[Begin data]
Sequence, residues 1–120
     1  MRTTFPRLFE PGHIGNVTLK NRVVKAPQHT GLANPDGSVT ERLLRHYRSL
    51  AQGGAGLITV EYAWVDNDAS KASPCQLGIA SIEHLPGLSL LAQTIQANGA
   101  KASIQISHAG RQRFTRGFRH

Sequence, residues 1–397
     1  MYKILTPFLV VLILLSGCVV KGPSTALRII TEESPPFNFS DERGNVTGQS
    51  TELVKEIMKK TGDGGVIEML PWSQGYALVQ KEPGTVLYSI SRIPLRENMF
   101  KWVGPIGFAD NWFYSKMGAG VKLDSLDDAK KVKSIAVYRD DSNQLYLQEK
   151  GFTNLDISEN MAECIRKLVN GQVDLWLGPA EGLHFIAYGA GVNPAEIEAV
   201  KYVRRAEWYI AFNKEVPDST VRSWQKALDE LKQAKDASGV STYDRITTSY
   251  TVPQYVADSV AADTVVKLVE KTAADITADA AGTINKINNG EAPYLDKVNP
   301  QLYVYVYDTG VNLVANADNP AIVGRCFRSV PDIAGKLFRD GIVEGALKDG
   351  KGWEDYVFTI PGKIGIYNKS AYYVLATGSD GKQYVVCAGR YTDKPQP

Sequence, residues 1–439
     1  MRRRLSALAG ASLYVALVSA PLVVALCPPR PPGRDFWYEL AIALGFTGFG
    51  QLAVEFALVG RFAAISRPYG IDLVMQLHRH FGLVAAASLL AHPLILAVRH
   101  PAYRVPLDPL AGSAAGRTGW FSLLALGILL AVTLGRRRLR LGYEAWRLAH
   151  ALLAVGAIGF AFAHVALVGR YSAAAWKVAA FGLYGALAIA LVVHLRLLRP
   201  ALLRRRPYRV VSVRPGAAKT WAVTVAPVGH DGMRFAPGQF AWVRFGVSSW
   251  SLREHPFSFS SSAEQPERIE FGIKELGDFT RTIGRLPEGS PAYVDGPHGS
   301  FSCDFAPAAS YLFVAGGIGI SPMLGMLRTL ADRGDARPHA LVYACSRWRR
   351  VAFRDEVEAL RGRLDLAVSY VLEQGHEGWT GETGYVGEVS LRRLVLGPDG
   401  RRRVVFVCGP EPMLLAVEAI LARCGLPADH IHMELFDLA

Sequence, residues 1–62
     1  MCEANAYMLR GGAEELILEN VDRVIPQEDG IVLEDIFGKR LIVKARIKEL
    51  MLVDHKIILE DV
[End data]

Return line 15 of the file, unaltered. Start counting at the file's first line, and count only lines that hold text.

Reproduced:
     1  MRRRLSALAG ASLYVALVSA PLVVALCPPR PPGRDFWYEL AIALGFTGFG